But the core challenge of this time is not the cost of discretionary spending. Obama knows this; everyone knows this. The crisis is the cost of future entitlements and defense, about which Obama proposes nothing. Yes, there's some blather. But Obama will not risk in any way any vulnerability on taxes to his right or entitlement spending to his left. He convened a deficit commission in order to throw it in the trash. If I were Alan Simpson or Erskine Bowles, I'd feel duped. And they were duped. All of us who took Obama's pitch as fiscally responsible were duped.Bruce Bartlett:
To all those under 30 who worked so hard to get this man elected, know this: he just screwed you over. He thinks you're fools. Either the US will go into default because of Obama's cowardice, or you will be paying far far more for far far less because this president has no courage when it counts. He let you down. On the critical issue of America's fiscal crisis, he represents no hope and no change. Just the same old Washington politics he once promised to end.
The point is not that there are no government programs worthy of cutting, but rather that this is a really stupid way to do it. The vast bulk of government spending, which goes to mandatory programs such as Social Security and Medicare, is completely exempted. And Republicans have effectively exempted the departments of Defense, Homeland Security and Veterans Affairs from cuts. This leaves only 16 percent of the budget from which they will extract their pound of flesh to satisfy voters who demand huge budget cuts but also oppose cutting just about any program except foreign aid.Ezra Klein:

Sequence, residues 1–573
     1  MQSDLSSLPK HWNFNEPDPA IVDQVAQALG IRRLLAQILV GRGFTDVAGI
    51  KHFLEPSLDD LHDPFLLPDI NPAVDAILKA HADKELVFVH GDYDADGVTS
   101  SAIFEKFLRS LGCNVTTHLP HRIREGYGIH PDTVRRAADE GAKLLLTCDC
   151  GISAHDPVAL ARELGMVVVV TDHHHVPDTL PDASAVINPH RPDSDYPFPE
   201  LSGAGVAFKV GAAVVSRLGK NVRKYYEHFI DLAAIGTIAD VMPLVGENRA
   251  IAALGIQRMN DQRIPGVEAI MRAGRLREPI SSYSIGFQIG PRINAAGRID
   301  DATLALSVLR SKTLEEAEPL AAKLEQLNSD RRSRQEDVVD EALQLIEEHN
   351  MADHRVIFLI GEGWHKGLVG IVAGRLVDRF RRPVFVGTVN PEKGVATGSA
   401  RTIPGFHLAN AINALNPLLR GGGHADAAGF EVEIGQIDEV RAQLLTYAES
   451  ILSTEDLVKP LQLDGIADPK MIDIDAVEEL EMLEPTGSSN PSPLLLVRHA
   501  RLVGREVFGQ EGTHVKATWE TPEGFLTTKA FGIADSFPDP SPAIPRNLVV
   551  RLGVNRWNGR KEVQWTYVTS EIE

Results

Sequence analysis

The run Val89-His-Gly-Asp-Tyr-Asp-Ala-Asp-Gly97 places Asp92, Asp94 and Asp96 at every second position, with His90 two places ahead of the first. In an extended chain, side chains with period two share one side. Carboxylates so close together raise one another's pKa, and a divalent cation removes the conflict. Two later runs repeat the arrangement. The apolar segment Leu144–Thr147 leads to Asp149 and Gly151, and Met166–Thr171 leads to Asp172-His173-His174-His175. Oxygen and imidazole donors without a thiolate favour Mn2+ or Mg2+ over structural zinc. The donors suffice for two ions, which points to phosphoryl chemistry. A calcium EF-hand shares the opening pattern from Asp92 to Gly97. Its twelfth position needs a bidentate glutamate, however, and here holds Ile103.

Well, the business of the American government is insurance. Literally. If you look at how the federal government spends our money, it’s an insurance conglomerate protected by a large, standing army.It is becoming increasingly clear that Republicans, Democrats, and the Tea Party have very little desire to cut government spending. The areas that they want to cut are insignificant and such cuts would be harmful to the productivity of the government. The areas they don't want to cut are significant and growing.
But you wouldn’t know it to listen to the debate over the budget. When House Republicans talk about cutting spending and the Obama administration talks about freezing spending, neither group is talking about the vast expanse of the government’s commitments. They’re looking at a small corner of the budget, the 12.3 percent known as non-defense discretionary spending. The stuff that’s not Medicare, not Medicaid, not Social Security or the military. It’s the odds-and-ends, so to speak.
Cutting government spending is a grim and unpopular business, at least when you get specific about it. A Pew poll released last week asked Americans whether they’d like to increase or decrease spending in 13 areas. In all but two, Americans wanted to see spending go up, not down. And those two -- unemployment insurance and foreign aid -- are mere rounding errors in the budget. It’s like dieting by swearing off canapes: It’s something, but I wouldn’t rush out to buy smaller pants.
I am beginning to think perhaps the Republican Party should take a look at Mitch Daniels.
Cross posted at The Cross Culturalist.